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RIDDOR reporting of COVID-19 – Further guidance

15 Jun 2020

HSE – HEALTH AND SAFETY EXECUTIVE

 

Guidance is for the person reporting, usually the employer (known as the ‘responsible person’). You should follow the RIDDOR reporting of COVID-19 guidance on what to report before using this detailed guidance.

 

HSE accepts that these are not easy criteria to apply in the unusual circumstances presented by the coronavirus (COVID-19) outbreak.

 

This guidance, from HSE, gives further detail to help you determine if you need to make a report and provides some principles to use when assessing the information available and making your judgement. It has been developed to assist responsible persons in determining whether reports need to be made.

 

Members of the public and non-work-related cases

There is no requirement under RIDDOR (The Reporting of Injuries, Diseases and Dangerous Occurrences Regulations 2013) to report incidents of disease or deaths of members of the public, patients, care home residents or service users from COVID-19.

 

The reporting requirements relating to cases of, or deaths from, COVID-19 under RIDDOR apply only to occupational exposure, that is, as a result of a person’s work.

 

What to report

You should only make a report under RIDDOR when one of the following circumstances applies:

  • an accident or incident at work has, or could have, led to the release or escape of coronavirus (SARS-CoV-2). This must be reported as a dangerous occurrence
  • a person at work (a worker) has been diagnosed as having COVID-19 attributed to an occupational exposure to coronavirus. This must be reported as a case of disease
  • a worker dies as a result of occupational exposure to coronavirus. This must be reported as a work-related death due to exposure to a biological agent

For an incident to be reportable as a dangerous occurrence, the incident must have resulted (or could have resulted) in the release or escape of coronavirus, that is, led to a possible or actual exposure to coronavirus.

 

The assessment does not require any complex analysis, measurement or test, but rather for a reasonable judgement to be made as to whether the circumstances gave rise to a real risk or had the potential to cause significant harm.

 

When deciding if a report is required, the responsible person (usually the employer) must make a judgement, based on the information available, as to whether or not a confirmed diagnosis of COVID-19 is likely to have been caused by an occupational exposure, that is, whether or not there is reasonable evidence that a work-related exposure is the likely cause of the disease.

 

For an incident to be reportable as a death due to occupational exposure to coronavirus there must be reasonable evidence that a work-related exposure caused the worker’s death.

Reasonable evidence of occupational exposure

When deciding if a report is required, the responsible person must make a judgement, based on the information available, as to whether or not a confirmed diagnosis of COVID-19 is likely to have been caused by an occupational exposure, i.e. whether or not there is reasonable evidence that a work-related exposure is the likely cause of the disease. Whilst this should be considered on a case by case basis, there are some general principles which can assist in making this judgement.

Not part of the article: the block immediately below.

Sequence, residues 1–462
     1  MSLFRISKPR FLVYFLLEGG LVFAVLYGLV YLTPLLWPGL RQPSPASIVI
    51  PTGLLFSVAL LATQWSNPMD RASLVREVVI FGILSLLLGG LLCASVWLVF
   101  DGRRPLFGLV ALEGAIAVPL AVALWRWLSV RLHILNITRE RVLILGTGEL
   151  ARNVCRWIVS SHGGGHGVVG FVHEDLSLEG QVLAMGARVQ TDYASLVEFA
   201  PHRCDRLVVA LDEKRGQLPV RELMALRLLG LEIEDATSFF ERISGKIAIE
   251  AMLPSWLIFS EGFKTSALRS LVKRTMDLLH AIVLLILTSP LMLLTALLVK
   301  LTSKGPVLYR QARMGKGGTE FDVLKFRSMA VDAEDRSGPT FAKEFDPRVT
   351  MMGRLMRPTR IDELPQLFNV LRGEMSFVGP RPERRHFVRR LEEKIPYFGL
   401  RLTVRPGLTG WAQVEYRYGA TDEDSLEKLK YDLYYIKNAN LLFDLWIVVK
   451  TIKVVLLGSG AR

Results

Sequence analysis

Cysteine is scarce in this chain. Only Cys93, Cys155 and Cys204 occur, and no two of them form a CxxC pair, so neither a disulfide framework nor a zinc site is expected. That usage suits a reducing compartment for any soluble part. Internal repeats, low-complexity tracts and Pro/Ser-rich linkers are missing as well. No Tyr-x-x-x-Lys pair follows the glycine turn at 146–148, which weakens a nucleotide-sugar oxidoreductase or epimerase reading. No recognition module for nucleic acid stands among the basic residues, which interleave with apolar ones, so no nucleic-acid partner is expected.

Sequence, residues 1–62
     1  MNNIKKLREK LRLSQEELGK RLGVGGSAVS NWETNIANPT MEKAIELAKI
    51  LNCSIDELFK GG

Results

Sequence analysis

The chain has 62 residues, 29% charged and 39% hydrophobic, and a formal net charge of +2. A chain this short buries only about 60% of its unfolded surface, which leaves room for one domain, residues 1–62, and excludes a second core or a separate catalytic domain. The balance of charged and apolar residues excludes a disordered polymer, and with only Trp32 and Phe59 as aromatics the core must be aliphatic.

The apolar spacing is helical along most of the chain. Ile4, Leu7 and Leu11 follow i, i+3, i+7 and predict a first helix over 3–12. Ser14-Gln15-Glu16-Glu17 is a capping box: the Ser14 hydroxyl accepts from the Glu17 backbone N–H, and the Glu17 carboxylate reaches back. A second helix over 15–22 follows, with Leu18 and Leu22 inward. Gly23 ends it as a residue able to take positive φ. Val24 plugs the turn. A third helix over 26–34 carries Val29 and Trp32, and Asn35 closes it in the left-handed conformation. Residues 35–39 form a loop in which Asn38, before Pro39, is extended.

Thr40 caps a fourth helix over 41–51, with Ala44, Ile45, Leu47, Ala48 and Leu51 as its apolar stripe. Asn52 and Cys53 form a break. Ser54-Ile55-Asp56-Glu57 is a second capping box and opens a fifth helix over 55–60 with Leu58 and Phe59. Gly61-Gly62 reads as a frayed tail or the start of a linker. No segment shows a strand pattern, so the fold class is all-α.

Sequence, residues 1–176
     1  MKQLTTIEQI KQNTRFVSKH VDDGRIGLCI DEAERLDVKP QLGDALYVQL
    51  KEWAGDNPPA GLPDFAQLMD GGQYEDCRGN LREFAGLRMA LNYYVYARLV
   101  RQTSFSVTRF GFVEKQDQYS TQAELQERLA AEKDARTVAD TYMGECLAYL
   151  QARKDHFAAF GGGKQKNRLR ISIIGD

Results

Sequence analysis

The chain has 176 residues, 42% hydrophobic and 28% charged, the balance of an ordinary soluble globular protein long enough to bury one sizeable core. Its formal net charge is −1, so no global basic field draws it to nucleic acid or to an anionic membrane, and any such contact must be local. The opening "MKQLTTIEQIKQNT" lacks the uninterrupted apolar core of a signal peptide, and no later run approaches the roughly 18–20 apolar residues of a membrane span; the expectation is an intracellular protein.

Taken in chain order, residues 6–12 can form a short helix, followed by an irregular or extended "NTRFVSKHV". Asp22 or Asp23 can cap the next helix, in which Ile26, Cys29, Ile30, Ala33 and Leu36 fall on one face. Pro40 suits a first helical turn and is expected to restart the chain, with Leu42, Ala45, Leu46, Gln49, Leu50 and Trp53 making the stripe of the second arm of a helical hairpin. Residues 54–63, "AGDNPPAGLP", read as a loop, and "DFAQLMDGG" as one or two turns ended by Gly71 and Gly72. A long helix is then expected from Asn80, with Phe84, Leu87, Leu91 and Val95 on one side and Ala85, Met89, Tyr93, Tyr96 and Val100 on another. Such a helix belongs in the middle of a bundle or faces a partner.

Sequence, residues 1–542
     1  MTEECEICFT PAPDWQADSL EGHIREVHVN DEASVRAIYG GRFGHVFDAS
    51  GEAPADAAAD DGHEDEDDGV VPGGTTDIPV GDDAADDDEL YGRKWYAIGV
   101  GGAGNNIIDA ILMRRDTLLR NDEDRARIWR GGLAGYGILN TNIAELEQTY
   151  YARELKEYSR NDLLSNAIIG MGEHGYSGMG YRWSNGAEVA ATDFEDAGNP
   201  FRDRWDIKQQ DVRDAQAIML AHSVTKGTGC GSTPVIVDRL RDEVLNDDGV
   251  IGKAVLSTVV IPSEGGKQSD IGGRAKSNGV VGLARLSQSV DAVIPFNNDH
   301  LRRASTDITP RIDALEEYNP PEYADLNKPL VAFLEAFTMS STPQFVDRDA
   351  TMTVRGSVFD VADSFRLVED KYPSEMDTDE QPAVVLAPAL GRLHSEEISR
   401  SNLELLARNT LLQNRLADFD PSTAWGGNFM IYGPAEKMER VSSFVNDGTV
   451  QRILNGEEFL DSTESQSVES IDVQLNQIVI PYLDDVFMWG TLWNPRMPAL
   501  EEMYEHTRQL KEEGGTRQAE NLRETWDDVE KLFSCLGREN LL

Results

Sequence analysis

There must be reasonable evidence linking the nature of the person’s work with an increased risk of becoming exposed to coronavirus.

 

Factors to take into account when making this decision could include: 

  • whether or not the nature of the person’s work activities increased the risk of them becoming exposed to coronavirus?
  • whether or not there was any specific, identifiable incident that led to an increased risk of exposure?
  • whether or not the person’s work directly brought them into contact with a known coronavirus hazard without effective control measures, as set out in the relevant PHE guidance, in place such as personal protective equipment (PPE) or social distancing   

This is not intended to be an exhaustive list.

 

There may also be cases where a registered medical practitioner has highlighted the significance of work-related factors when communicating a diagnosis of COVID-19 - these cases would also be reportable.  

 

Additionally, for an occupational exposure to be judged as the likely cause of the disease, it should be more likely than not that the person’s work was the source of exposure to coronavirus as opposed to general societal exposure. Such cases may not be easy to identify when COVID-19 is prevalent in the general population. 

 

Work with the general public, as opposed to work with persons known to be infected, is not considered sufficient evidence to indicate that a COVID-19 diagnosis is likely to be attributable to occupational exposure.  Such cases do not require a report. 

 

Where a worker dies from COVID-19 and a RIDDOR report has already been submitted for a case of disease, this can be amended by submitting a duplicate form. All relevant information should be resubmitted, with any changes 

 

Responsible persons do not need to conduct extensive enquiries in seeking to determine whether a COVID-19 infection is work-related. The judgement should be made on the basis of the information available. There is no requirement for RIDDOR reports to be submitted on a precautionary basis, where there is no evidence to suggest that occupational exposure was the likely cause of an infection.

 

https://www.hse.gov.uk/news/riddor-reporting-further-guidance-coronavirus.htm